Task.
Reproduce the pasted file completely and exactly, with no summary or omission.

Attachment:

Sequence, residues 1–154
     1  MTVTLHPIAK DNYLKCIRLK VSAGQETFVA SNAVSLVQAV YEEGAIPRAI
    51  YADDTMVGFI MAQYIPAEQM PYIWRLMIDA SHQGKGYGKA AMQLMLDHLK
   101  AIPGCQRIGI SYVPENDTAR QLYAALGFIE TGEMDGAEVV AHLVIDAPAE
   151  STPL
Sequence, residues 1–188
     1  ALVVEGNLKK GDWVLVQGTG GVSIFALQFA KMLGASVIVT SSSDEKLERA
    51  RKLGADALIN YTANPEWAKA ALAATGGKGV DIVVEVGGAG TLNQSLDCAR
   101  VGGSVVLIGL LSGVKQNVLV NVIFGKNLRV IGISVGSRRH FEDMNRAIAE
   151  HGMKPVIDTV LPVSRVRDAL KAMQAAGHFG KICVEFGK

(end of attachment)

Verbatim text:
Sequence, residues 1–154
     1  MTVTLHPIAK DNYLKCIRLK VSAGQETFVA SNAVSLVQAV YEEGAIPRAI
    51  YADDTMVGFI MAQYIPAEQM PYIWRLMIDA SHQGKGYGKA AMQLMLDHLK
   101  AIPGCQRIGI SYVPENDTAR QLYAALGFIE TGEMDGAEVV AHLVIDAPAE
   151  STPL
Sequence, residues 1–188
     1  ALVVEGNLKK GDWVLVQGTG GVSIFALQFA KMLGASVIVT SSSDEKLERA
    51  RKLGADALIN YTANPEWAKA ALAATGGKGV DIVVEVGGAG TLNQSLDCAR
   101  VGGSVVLIGL LSGVKQNVLV NVIFGKNLRV IGISVGSRRH FEDMNRAIAE
   151  HGMKPVIDTV LPVSRVRDAL KAMQAAGHFG KICVEFGK